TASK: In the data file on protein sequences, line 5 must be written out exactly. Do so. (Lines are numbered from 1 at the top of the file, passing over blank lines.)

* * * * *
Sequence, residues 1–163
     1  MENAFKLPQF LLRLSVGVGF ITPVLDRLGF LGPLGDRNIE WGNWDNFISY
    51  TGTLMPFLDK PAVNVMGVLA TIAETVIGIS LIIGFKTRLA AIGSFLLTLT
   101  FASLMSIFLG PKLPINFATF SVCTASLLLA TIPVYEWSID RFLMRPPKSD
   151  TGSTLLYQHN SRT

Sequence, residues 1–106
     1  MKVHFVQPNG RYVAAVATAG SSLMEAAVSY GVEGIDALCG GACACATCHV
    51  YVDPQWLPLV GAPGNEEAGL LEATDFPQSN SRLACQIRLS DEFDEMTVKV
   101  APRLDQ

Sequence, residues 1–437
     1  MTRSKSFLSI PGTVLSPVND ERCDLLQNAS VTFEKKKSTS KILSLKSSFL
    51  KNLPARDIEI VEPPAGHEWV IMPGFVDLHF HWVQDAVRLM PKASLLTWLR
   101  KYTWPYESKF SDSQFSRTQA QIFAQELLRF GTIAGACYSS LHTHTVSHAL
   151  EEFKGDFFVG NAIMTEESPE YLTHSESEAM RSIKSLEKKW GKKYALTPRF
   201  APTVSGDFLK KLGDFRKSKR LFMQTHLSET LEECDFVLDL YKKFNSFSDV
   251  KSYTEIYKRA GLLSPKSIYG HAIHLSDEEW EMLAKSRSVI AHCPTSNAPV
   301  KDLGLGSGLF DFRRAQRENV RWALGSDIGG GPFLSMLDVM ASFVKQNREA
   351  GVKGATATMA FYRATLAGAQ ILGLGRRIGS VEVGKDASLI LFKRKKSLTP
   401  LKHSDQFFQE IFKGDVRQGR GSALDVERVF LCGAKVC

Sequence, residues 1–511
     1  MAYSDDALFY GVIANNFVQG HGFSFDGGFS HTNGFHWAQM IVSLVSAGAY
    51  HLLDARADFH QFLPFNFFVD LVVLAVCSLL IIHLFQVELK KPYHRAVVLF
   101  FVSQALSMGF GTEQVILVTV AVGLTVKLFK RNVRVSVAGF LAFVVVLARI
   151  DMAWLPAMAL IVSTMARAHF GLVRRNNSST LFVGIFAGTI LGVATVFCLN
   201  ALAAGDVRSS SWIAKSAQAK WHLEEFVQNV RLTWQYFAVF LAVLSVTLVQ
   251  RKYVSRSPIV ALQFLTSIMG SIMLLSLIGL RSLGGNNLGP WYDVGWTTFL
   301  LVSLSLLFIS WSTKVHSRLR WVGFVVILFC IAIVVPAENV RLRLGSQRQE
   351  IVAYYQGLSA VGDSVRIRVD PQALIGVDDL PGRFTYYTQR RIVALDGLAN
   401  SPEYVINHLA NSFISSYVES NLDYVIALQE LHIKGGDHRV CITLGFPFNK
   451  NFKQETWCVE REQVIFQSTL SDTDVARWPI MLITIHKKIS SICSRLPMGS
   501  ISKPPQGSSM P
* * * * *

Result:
   151  TGSTLLYQHN SRT